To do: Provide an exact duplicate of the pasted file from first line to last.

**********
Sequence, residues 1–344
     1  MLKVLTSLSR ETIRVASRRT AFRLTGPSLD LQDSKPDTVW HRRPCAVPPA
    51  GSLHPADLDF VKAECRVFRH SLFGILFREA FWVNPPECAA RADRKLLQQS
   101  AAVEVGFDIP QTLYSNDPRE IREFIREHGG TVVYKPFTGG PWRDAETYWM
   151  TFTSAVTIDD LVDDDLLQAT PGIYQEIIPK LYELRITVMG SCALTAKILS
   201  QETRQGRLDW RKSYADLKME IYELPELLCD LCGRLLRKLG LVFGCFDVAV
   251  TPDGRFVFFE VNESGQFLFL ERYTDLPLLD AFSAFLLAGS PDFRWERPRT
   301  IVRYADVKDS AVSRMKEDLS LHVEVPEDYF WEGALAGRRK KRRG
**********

Sequence, residues 1–344
     1  MLKVLTSLSR ETIRVASRRT AFRLTGPSLD LQDSKPDTVW HRRPCAVPPA
    51  GSLHPADLDF VKAECRVFRH SLFGILFREA FWVNPPECAA RADRKLLQQS
   101  AAVEVGFDIP QTLYSNDPRE IREFIREHGG TVVYKPFTGG PWRDAETYWM
   151  TFTSAVTIDD LVDDDLLQAT PGIYQEIIPK LYELRITVMG SCALTAKILS
   201  QETRQGRLDW RKSYADLKME IYELPELLCD LCGRLLRKLG LVFGCFDVAV
   251  TPDGRFVFFE VNESGQFLFL ERYTDLPLLD AFSAFLLAGS PDFRWERPRT
   301  IVRYADVKDS AVSRMKEDLS LHVEVPEDYF WEGALAGRRK KRRG